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Uganda's First Lady: AIDS a Moral Problem

By George D. Moffett IIIStaff writer of The Christian Science Monitor / November 13, 1991



WASHINGTON

ONE of the African nations hardest hit by AIDS, Uganda has also mounted one of the continent's most effective AIDS information and prevention programs.In a recent Monitor interview Uganda's first lady, Janet Museveni, talked about the underlying causes of an epidemic that now affects 30 percent of the country's child-bearing population. Among her comments: On the cause of the AIDS epidemic:

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"AIDS is a loud and urgent symptom of a malady which has pervaded the whole human condition. "It is a physical manifestation - like environmental degradation, violence, and corruption in high office - of a deep-seated disorder in the spirit of man.... "People have used sex in all sorts of ways that it was not meant for. It has taken AIDS for us to know what we've been doing with our bodies and to learn that we're really responsible for our lives."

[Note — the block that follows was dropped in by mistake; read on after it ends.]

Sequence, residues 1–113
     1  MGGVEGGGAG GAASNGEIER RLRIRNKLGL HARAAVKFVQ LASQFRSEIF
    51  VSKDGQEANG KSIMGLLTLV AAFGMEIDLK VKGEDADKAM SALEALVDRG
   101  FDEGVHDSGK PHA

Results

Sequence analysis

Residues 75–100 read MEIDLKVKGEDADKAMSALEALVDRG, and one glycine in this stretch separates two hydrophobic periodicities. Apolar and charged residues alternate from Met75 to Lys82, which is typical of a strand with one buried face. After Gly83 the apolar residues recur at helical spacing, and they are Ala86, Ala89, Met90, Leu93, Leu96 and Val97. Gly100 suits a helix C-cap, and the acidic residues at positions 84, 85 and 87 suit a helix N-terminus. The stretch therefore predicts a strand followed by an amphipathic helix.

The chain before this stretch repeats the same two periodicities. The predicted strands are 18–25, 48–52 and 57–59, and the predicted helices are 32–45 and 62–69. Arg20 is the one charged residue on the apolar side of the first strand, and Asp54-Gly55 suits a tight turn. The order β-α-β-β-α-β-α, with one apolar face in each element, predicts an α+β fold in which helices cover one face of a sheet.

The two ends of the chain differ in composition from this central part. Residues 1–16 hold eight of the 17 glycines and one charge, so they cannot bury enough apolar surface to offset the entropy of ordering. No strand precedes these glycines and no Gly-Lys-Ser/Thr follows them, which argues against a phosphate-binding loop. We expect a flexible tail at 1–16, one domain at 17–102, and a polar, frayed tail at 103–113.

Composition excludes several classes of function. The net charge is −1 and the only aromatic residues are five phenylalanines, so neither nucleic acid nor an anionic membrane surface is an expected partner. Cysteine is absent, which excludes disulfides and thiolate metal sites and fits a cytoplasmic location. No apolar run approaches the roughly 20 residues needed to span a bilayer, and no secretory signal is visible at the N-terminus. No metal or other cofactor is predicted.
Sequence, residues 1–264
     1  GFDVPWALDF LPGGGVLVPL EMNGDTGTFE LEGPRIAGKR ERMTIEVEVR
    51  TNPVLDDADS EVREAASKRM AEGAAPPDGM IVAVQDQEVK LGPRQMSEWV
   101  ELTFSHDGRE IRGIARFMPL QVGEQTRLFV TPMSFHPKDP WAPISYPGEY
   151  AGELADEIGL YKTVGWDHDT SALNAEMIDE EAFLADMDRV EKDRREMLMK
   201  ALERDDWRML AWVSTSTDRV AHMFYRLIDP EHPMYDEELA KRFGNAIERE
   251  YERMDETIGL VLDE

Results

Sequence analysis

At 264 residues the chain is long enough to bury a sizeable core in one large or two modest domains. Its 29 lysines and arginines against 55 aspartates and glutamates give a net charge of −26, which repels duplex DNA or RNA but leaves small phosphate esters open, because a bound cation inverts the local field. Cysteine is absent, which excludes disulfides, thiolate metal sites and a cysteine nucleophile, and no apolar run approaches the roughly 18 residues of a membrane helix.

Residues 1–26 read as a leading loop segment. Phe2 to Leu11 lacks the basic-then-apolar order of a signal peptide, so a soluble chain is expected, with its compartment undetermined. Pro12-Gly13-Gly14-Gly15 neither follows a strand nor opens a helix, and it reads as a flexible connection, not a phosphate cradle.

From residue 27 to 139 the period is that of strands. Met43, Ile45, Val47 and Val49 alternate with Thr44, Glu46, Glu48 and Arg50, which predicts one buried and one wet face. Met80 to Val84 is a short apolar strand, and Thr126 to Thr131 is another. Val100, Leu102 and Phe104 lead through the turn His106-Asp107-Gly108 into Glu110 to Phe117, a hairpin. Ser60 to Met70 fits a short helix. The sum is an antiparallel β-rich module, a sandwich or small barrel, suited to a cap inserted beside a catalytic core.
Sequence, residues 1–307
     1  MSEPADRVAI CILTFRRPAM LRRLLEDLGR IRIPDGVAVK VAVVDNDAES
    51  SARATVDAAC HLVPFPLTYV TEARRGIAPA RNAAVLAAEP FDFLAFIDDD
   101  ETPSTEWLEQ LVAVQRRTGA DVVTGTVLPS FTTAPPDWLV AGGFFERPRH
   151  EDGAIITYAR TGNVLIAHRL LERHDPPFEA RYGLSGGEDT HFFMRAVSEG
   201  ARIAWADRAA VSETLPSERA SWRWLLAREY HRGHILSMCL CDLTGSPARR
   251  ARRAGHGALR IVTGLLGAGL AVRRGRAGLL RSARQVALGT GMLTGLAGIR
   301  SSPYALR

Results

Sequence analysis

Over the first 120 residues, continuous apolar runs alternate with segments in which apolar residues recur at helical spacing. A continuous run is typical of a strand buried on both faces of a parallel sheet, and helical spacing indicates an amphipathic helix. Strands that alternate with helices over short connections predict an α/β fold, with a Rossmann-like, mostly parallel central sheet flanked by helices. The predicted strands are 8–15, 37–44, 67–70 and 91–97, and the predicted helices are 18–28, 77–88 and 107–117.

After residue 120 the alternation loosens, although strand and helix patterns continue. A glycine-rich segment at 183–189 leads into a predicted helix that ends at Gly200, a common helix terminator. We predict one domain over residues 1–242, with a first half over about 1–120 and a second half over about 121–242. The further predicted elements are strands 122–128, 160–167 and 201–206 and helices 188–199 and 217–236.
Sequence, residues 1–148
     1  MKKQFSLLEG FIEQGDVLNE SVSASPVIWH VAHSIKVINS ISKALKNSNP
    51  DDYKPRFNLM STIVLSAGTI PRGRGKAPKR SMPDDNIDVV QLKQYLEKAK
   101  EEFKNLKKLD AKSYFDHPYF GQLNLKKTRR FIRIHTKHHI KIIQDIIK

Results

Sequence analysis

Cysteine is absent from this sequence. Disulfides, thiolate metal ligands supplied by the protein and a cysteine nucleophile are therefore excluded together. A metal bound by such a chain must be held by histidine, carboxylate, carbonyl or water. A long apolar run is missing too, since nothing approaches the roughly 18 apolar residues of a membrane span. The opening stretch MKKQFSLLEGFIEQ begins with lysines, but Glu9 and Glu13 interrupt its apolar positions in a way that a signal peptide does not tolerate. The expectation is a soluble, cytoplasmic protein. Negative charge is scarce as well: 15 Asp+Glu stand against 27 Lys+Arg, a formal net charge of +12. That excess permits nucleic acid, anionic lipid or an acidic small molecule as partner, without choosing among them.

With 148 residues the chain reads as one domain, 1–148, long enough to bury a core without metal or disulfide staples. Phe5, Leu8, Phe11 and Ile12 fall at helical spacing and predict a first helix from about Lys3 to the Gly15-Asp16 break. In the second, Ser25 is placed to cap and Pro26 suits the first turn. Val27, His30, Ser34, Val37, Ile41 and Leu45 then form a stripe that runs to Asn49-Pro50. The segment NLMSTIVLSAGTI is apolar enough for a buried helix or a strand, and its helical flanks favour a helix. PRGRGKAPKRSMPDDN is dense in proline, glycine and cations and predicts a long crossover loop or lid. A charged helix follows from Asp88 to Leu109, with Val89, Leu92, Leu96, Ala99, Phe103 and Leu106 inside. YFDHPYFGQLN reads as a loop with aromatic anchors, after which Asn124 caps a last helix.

On AIDS prevention:

"Although the majority of Ugandans have been sensitized about aids, there has not been a significant behavior change to reduce transmission. "We will use the condom as a means of controlling the epidemic. But teaching people to use condoms is, at best, only a short-term solution. What works is a change of behavior. Marriage is being used in all sorts of incorrect ways, and our children are watching us. We have to set an example for the young by instilling the virtues of self-control, faithfulness and honesty in relationships. The young represent our chance to survive. We must not fail them."

On solutions to the AIDS epidemic:

"We never really talk about our ethics, our morals, but I feel very strongly that this is the only answer. Ours is a spiritually illiterate generation. "The whole problem is tied in with the breakdown of the morals of the world. "AIDS is not the problem of Uganda alone. It is not the problem of Africa alone.... It's a human problem, and we have to treat it as such."